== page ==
Article  CAS  PubMed  Google Scholar 

  35. Fan X, Feng B, Liu Z, Tan J, Zhi W, Lu X, et al. Fabrication of TiO2 nanotubes on porous titanium scaffold and biocompatibility evaluation in vitro and in vivo. J Biomed Mater Res A. 2012;100:3422–7.

    Article  PubMed  Google Scholar 

  36. Duncan R, Izzo L. Dendrimer biocompatibility and toxicity. Adv Drug Deliv Rev. 2005;57:2215–37.

    Article  CAS  PubMed  Google Scholar 

  37. Ohgushi H. Current status of bone/cartilage tissue engineering towards clinical applications. Nihon Rinsho. 2014;72:1855–60.

    PubMed  Google Scholar 

  38. Yoshikawa H, Myoui A. Bone tissue engineering with porous hydroxyapatite ceramics. J Artif Organs J Jpn Soc Artif Organs. 2005;8:131–6.

    Article  CAS  Google Scholar 

  39. Stanić V, Janaćković D, Dimitrijević S, Tanasković SB, Mitrić M, Pavlović MS, et al. Synthesis of antimicrobial monophase silver-doped hydroxyapatite nanopowders for bone tissue engineering. Appl Surf Sci. 2011;257:4510–8.

    Article  Google Scholar 

  40. Augst AD, Kong HJ, Mooney DJ. Alginate hydrogels as biomaterials. Macromol Biosci. 2006;6:623–33.

    Article  CAS  PubMed  Google Scholar 

  41. Vohra S, Hennessy KM, Sawyer AA, Zhuo Y, Bellis SL. Comparison of mesenchymal stem cell and osteosarcoma cell adhesion to hydroxyapatite. J Mater Sci Mater Med. 2008;19:3567–74.

    Article  PubMed Central  CAS  PubMed  Google Scholar 

  42. Chen Y-S, Hsieh C-L, Tsai C-C, Chen T-H, Cheng W-C, Hu C-L, et al. Peripheral nerve regeneration using silicone rubber chambers filled with collagen, laminin and fibronectin. Biomaterials. 2000;21:1541–7.

    Article  CAS  PubMed  Google Scholar 

  43. Doyle C, Tanner E, Bonfield W. In vitro and in vivo evaluation of polyhydroxybutyrate and of polyhydroxybutyrate reinforced with hydroxyapatite. Biomaterials. 1991;12:841–7.

    Article  CAS  PubMed  Google Scholar 

  44. Corporation HP. Mesenchymal stem cells as a potent cell source for bone regeneration. Stem Cells Int. 2012;2012:21–32.

    Google Scholar 

  45. Pittenger MF, Mackay AM, Beck SC, Jaiswal RK, Douglas R, Mosca JD, et al. Multilineage potential of adult human mesenchymal stem cells. Science. 1999;284:143–7.

    Article  CAS  PubMed  Google Scholar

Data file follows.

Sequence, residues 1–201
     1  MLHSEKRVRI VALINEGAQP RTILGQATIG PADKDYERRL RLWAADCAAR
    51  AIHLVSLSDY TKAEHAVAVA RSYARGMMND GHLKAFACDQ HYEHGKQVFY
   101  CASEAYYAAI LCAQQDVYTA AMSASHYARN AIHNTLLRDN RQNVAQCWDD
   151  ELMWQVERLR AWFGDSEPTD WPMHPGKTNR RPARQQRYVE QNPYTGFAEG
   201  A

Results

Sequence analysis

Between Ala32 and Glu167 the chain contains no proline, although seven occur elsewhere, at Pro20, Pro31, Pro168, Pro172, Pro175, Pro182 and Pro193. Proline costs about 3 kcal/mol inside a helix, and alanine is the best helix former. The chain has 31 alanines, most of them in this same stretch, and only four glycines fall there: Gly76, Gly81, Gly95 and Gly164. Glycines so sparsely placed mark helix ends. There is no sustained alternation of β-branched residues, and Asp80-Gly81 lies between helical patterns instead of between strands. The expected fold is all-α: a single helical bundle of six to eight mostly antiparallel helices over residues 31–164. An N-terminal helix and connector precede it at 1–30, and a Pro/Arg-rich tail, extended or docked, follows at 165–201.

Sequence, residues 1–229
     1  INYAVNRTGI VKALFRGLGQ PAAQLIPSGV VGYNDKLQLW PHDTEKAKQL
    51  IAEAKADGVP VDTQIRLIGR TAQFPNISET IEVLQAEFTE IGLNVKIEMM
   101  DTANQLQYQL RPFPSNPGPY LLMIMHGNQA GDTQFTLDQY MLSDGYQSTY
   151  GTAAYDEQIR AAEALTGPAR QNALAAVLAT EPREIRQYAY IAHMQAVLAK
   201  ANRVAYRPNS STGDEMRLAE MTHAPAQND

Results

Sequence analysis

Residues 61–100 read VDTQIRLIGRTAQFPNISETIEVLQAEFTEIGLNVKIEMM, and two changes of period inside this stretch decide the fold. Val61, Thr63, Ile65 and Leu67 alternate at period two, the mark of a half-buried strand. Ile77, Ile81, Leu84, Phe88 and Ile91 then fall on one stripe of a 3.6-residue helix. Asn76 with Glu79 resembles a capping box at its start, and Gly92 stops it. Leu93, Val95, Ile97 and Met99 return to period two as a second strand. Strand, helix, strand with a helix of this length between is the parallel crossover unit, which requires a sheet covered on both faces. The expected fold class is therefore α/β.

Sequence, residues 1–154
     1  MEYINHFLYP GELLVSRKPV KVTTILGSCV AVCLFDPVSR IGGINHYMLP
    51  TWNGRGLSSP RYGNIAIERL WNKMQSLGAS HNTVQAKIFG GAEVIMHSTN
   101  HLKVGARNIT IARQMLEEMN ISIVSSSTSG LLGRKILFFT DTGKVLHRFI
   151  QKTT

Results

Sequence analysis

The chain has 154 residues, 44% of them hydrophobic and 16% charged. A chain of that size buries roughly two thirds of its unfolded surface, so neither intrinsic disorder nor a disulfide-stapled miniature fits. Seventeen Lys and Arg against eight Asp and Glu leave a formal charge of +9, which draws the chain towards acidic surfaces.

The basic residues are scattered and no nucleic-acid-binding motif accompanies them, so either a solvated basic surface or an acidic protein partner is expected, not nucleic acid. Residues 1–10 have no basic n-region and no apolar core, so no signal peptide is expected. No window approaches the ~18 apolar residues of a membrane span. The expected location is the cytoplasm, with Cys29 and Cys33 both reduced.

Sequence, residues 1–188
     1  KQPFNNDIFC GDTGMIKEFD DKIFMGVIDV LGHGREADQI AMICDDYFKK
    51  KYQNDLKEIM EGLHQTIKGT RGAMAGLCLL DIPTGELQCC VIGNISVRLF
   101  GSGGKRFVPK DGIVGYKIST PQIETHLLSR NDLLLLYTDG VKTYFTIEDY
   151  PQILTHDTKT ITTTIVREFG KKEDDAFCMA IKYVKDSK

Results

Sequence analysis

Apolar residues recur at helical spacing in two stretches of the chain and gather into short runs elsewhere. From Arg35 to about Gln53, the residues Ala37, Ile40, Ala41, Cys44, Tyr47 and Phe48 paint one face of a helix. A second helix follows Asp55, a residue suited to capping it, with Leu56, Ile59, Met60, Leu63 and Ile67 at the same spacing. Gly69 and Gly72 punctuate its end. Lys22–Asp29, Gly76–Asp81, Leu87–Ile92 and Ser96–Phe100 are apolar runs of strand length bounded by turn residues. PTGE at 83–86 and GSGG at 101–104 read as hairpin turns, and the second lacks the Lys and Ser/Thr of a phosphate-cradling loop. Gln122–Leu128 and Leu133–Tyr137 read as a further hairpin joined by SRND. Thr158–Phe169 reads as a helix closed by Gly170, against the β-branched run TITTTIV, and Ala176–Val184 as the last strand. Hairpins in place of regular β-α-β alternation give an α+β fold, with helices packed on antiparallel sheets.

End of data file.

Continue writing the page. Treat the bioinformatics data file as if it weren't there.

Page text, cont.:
46. Nowakowski A, Walczak P, Janowski M, Lukomska B. Genetic engineering of mesenchymal stem cells for regenerative medicine. Stem Cells Dev. 2015;24:2219–42.

    Article  CAS  PubMed  Google Scholar 

  47. Müller R, Van Campenhout H, Van Damme B, Van der Perre G, Dequeker J, Hildebrand T, et al. Morphometric analysis of human bone biopsies: a quantitative structural comparison of histological sections and micro-computed tomography. Bone. 1998;23:59–66.

    Article  PubMed  Google Scholar 

  48. Bouxsein ML. Bone quality: where do we go from here? Osteoporos Int. 2003;14:118–27.

    Article  Google Scholar 

  49. Letterio JJ, Roberts AB. Regulation of immune responses by TGF-beta. Annu Rev Immunol. 1998;16:137–61.

    Article  CAS  PubMed  Google Scholar 

  50. Harvati K, Gunz P, Grigorescu D. Cioclovina (Romania): affinities of an early modern European. J Hum Evol. 2007;53:732–46.

    Article  PubMed  Google Scholar 

Download references


This work was supported by the National Natural Science Foundation of China (No. 81472096 and No. 81171734).

Author information

Authors and Affiliations


Corresponding author

Correspondence to Yong-Qing Xu.

Additional information

Competing interests

All authors declare that they have no competing interests.

Authors’ contributions

Y-QX was responsible for conception and design, manuscript writing, financial support, and administrative support. HW was responsible for conception and design, performing the experiments, manuscript writing, data analysis and interpretation, and data acquisition. X-QH, TJ, YL, X-YF, and YW were responsible for performing the experiments, drafting and revising the manuscript, data analysis and interpretation, and data acquisition. All authors read and approved the manuscript, and also agree to be accountable for all aspects of the work.

Rights and permissions

Open Access This article is distributed under the terms of the Creative Commons Attribution 4.0 International License (, which permits unrestricted use, distribution, and reproduction in any medium, provided you give appropriate credit to the original author(s) and the source, provide a link to the Creative Commons license, and indicate if changes were made. The Creative Commons Public Domain Dedication waiver ( applies to the data made available in this article, unless otherwise stated.

Reprints and permissions

About this article

Check for updates. Verify currency and authenticity via CrossMark

Cite this article

Wang, H., He, XQ., Jin, T. et al. Wnt11 plays an important role in the osteogenesis of human mesenchymal stem cells in a PHA/FN/ALG composite scaffold: possible treatment for infected bone defect. Stem Cell Res Ther 7, 18 (2016).

Download citation

  • Received:

  • Revised:

  • Accepted:

  • Published:

  • DOI: